There are different levels of trust and buy-in.  Most of your players will say they trust you, and they are being honest.  They trust you are telling them the truth.  They trust you when you tell them what time practice is.  In general they believe what you say.  But do they trust you when you ask them to do something that is really hard?  Do they trust you to lay it all on the line every day, even if they don’t see an immediate reward?  That type of trust or buy-in is harder to achieve.

Total buy-in takes a lot of time.  It involves relentlessly communicating a clear and direct message, as well as trying to show them the reward.  Even if you don’t have a lot of success to point towards, you have to get them to believe in what your program is going to do for them.  You are selling them on a belief, on success that they haven’t seen yet.  That is not an easy task.

Your players may trust you, but that doesn’t mean they are totally bought in.  They have to be willing to do the tough things that go into winning, not simply because you are telling them to but because they really believe it will help them win.  If they are just doing what they’re told but don’t see the value in it, you won’t get the same effort.  There is an edge your team will compete with when they are totally bought in, and it’s hard to know it until you see it.  But it’s an important difference, when you can tell they are competing for each other, competing for something bigger than just doing what they are told.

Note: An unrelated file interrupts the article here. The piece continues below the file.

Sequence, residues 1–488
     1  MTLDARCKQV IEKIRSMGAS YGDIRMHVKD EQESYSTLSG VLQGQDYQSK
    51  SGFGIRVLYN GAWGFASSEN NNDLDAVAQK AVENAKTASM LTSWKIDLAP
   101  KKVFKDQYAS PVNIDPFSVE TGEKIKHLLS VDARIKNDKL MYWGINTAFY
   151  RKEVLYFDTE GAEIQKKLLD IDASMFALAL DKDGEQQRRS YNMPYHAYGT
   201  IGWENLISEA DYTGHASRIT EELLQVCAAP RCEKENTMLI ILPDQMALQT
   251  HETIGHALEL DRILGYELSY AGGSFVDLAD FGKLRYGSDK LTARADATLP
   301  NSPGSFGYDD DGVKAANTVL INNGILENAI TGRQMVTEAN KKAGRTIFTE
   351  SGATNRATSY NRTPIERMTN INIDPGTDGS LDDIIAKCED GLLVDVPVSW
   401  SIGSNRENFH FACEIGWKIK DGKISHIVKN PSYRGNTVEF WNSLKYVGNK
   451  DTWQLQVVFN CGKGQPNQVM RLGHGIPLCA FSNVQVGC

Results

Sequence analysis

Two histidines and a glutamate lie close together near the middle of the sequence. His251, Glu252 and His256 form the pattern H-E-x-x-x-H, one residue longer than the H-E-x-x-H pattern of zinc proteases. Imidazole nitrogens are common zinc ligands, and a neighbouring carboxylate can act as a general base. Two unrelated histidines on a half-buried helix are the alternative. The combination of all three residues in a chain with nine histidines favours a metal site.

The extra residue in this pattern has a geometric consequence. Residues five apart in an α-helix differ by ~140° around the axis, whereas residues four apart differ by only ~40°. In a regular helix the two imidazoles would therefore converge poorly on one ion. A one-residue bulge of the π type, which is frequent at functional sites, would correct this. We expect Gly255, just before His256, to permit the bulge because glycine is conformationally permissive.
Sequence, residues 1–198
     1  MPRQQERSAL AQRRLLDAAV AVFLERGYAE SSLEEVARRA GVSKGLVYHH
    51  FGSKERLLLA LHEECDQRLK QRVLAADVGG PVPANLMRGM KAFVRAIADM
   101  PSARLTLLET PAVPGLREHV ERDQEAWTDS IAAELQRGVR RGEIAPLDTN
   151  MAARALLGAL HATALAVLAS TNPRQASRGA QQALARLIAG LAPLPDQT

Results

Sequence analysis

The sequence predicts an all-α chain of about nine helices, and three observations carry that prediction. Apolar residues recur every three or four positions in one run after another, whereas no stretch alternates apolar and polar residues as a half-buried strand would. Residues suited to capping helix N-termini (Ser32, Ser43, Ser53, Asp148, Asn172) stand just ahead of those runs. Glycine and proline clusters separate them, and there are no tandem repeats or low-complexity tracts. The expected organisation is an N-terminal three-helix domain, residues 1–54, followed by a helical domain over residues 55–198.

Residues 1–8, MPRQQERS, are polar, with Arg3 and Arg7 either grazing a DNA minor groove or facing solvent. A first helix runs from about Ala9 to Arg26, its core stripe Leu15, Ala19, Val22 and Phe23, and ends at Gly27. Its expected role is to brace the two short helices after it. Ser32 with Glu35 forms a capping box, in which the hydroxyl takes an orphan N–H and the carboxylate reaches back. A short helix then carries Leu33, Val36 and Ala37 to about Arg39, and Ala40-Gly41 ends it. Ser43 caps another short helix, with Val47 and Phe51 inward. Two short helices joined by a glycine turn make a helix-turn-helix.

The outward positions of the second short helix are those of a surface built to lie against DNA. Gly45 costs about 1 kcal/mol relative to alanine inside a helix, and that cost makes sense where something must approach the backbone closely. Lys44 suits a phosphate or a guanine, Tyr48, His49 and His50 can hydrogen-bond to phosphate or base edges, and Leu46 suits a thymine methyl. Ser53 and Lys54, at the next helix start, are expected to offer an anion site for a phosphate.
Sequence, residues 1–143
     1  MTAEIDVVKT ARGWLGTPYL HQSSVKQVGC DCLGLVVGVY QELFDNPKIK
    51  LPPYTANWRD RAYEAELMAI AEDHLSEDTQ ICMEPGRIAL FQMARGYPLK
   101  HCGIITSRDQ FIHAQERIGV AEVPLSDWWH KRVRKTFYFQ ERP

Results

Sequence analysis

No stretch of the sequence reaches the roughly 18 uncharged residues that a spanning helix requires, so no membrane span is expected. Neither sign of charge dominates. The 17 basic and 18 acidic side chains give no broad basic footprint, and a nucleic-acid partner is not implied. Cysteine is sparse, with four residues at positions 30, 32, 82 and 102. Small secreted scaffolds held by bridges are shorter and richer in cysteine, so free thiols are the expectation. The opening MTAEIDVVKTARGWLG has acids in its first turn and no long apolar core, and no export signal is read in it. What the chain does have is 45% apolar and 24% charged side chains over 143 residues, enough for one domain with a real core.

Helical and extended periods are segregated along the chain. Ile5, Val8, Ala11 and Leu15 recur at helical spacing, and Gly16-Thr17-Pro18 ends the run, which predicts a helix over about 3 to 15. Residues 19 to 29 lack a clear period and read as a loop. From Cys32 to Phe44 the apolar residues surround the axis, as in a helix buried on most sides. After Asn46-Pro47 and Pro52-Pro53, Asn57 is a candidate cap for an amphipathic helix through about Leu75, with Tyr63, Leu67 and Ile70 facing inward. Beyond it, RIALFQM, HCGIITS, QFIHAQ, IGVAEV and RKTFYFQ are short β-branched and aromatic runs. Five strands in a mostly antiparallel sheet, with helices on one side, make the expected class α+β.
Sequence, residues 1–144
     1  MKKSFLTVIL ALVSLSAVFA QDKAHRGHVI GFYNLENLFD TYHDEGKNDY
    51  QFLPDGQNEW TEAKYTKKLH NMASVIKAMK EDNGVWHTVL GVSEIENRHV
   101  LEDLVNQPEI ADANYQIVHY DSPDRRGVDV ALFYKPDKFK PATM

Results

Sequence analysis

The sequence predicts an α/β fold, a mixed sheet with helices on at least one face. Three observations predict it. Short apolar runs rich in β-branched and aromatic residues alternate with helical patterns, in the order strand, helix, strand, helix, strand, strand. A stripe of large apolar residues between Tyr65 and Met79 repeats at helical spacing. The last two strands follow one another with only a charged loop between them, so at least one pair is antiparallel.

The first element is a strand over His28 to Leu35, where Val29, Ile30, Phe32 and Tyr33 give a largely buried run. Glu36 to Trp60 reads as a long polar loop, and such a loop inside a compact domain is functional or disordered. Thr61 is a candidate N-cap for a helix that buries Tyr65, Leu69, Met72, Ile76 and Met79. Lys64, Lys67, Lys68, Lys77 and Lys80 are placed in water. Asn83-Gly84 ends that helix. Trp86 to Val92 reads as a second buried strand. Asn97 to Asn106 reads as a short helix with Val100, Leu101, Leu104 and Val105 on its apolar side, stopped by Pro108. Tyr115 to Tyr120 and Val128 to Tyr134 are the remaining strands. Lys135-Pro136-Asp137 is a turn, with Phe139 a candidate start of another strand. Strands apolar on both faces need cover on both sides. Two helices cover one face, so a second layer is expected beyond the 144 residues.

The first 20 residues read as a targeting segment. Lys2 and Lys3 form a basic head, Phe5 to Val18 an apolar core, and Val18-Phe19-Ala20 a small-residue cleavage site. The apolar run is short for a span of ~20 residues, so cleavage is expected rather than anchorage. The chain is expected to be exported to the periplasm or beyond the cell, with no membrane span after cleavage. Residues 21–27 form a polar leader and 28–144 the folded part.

If you find yourself repeating a lot of the same things over and over in different practices, your guys probably aren’t completely bought in.  When your team struggles in effort situations – beating screens, transition defense, going to the offensive glass – they might just be missing that edge that comes with complete buy-in.  When you feel like they are picking up the teaching points you are making but they are a half-step behind, they probably aren’t completely trusting of what you do.  You can drive yourself crazy trying to find different ways to teach and get the message across, but the truth is they don’t completely trust the message.

Trust and buy-in takes a lot of time and builds slowly.  Being honest and direct with your players at all times is crucial, and making sure they know exactly what’s expected of them is essential.  Finding different ways to show them the rewards of their efforts will really help, but that can be difficult if your program hasn’t had a lot of success.  Showing them a genuine side off the court will have an impact as well.

If one of your players screws up and you make your whole team run, are they mad at you for making them run?  Or are they mad at him for making them lose?  Think about that.   The best teams are bought in at a high level, and you can see it when you watch them.  It’s a long-term project, and one that takes daily effort.  When your team is mad at their teammate, and not mad at you, for making them run, you are starting to achieve the right level of buy-in.



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